Monday, April 29, 2019

Christmas in April

...or at least Christmas prep. I woke up with snow on the ground yesterday (seriously--on April 28) so why not work on a Christmas quilt? A couple Christmases ago, I was at my mother-in-law's looking through all her quilt magazines (as you do) and fell in love with these animals designed by Gingiber. I ended up ordering a set of cards with these animals and bought the fabric panel. (I never track things down that I see in magazines so I was seriously smitten.)

I also liked the designs and soft colours of the coordinating fabric line. By the time I discovered it, the fabric was getting old so it wasn't stocked in many places. (The danger of looking through older magazines.) But I did manage to find two layer cakes (a set of 42 10" squares). The layer cakes include of all of the fabric from the line.

I figured two layer cakes would be enough to make a quilt if I added a contrasting background fabric (like white).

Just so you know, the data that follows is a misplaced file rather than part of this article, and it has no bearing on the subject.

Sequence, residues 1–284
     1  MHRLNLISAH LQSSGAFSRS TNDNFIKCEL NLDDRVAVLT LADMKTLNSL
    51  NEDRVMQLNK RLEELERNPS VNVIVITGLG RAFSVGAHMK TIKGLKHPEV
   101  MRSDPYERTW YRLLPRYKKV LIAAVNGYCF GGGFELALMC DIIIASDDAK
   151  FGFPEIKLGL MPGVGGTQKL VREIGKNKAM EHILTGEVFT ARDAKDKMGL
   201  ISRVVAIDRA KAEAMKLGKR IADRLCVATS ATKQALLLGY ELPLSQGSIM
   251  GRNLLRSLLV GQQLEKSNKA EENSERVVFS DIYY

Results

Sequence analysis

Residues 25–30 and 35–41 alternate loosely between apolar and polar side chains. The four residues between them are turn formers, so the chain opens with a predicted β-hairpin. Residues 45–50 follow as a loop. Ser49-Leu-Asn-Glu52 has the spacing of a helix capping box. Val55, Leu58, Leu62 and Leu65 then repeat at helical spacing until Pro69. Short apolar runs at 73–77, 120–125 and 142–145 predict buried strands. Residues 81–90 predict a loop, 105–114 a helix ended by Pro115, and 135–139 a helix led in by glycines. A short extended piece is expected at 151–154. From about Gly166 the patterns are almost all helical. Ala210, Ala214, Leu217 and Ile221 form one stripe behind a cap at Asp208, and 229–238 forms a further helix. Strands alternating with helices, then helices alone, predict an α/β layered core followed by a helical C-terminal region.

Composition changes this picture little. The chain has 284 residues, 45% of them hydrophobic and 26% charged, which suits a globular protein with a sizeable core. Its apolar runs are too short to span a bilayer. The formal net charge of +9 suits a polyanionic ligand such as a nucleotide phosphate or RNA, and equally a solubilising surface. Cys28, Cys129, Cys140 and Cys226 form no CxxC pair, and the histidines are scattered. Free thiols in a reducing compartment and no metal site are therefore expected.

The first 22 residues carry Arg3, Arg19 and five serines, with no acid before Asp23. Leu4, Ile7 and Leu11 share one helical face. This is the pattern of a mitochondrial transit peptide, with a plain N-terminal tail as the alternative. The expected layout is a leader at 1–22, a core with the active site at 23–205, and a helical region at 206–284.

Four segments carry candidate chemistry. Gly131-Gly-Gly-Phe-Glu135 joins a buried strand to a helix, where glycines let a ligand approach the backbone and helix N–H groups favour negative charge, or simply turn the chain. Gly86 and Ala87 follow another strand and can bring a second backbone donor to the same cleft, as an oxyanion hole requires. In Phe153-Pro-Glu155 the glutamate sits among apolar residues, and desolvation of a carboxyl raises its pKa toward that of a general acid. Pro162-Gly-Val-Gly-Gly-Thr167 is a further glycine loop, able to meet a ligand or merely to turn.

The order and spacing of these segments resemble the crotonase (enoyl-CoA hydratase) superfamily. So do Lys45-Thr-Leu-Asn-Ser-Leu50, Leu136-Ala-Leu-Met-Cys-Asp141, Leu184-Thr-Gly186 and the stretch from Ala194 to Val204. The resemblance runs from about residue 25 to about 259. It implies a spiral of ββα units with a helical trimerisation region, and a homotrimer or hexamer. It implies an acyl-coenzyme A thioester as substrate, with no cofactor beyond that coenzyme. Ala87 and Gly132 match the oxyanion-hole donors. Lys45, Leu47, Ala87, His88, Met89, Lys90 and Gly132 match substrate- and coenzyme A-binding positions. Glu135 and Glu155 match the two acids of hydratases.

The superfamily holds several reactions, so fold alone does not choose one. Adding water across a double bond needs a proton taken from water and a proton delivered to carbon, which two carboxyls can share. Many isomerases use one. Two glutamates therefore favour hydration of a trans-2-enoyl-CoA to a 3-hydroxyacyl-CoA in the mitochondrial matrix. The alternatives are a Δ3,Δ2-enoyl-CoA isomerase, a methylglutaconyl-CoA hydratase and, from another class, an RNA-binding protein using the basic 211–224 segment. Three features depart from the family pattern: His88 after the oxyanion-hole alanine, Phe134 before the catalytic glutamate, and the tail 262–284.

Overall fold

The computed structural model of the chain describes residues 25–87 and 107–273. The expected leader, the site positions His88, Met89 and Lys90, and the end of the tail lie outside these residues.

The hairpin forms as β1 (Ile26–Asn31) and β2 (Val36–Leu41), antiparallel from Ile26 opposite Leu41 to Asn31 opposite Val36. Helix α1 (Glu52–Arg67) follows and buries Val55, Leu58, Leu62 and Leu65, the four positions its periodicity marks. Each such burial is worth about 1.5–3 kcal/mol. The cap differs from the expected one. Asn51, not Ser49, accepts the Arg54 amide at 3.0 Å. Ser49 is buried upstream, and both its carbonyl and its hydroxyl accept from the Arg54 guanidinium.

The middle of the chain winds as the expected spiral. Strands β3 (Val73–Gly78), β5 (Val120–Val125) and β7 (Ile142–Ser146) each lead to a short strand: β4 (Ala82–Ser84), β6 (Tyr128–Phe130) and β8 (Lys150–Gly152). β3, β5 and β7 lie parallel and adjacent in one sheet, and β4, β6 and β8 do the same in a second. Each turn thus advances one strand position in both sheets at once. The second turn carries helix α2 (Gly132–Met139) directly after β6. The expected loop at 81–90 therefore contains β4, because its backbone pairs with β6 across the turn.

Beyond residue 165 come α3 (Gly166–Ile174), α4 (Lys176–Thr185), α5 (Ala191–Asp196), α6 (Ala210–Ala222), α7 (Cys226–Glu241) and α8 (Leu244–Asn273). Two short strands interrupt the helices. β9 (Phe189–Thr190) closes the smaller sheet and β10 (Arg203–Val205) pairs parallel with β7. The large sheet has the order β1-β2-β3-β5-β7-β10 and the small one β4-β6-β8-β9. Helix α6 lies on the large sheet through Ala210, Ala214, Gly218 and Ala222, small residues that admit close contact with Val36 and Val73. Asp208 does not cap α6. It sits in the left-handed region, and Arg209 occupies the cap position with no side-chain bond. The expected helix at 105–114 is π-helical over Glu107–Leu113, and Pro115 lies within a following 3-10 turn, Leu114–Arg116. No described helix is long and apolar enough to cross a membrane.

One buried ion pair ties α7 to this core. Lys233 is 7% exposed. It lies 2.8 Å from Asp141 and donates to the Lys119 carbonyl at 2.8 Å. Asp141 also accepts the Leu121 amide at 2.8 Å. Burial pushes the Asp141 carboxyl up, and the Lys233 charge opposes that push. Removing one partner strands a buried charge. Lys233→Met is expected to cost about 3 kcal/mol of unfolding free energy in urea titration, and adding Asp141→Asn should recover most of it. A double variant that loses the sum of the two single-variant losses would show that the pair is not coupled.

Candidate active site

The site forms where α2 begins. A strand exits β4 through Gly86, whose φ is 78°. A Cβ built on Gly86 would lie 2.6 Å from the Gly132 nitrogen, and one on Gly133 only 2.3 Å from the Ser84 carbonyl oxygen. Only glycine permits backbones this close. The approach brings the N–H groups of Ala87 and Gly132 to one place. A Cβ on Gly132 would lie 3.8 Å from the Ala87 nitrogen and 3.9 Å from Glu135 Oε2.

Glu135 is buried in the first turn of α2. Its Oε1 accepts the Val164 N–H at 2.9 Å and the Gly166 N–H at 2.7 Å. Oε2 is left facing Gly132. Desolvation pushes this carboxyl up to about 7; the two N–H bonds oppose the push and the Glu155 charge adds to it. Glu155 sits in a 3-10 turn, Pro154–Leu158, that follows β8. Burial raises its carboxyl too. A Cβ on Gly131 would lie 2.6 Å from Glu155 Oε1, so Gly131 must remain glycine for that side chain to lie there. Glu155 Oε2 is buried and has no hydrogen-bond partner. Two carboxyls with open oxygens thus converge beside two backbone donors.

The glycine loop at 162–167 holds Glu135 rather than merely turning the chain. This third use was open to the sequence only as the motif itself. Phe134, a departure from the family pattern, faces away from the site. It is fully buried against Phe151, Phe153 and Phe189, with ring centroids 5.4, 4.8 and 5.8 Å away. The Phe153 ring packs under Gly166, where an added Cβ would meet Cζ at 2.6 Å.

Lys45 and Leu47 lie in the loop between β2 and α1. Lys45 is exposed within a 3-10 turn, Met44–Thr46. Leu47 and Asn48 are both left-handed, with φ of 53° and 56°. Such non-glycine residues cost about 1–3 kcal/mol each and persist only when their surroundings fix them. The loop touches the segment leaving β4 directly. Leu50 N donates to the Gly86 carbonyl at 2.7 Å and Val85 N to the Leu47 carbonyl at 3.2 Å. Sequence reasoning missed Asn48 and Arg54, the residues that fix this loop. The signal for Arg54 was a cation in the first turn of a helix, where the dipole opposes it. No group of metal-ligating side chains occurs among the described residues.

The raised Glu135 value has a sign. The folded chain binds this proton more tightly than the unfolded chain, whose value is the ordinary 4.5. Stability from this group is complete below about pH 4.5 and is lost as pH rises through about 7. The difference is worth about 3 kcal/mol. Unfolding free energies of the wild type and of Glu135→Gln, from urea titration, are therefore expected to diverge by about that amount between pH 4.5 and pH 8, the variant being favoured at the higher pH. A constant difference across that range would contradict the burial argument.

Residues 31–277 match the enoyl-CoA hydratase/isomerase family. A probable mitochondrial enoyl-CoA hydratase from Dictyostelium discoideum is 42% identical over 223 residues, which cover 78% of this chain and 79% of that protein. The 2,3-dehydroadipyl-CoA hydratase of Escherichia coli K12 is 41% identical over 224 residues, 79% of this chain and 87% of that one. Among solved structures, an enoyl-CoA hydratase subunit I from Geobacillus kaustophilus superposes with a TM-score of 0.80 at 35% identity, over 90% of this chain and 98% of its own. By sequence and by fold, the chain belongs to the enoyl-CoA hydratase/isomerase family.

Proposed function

And what pattern did I want to do with this fabric? Well, during the same magazine perusing I found a pattern in a different magazine where one of the "alternate" colour schemes was in this fabric. I liked the pattern and decided that was it.

Then once I was home, I couldn't find it again. This past Christmas I was looking through magazines again at my mother-in-law's and found it! I asked if I could borrow it and she gave it to me. Yeah!

This past Saturday I was signed up for a book class (a button accordion book - what?) but it was cancelled because there weren't enough sign ups. I decided I was going to claim all of that time (plus the 1.5 hours of driving it would have been) for quilting time. But then instead of waiting until Saturday, I started on Friday.
I had organized the fabric before - enough to be pretty sure I wasn't going to have quite enough. But I decided to proceed anyway and see how far I could get. After cutting most of the print fabrics for the blocks, I thought I should try a block or two to make sure everything was going to work out. I sewed the two grey blocks first: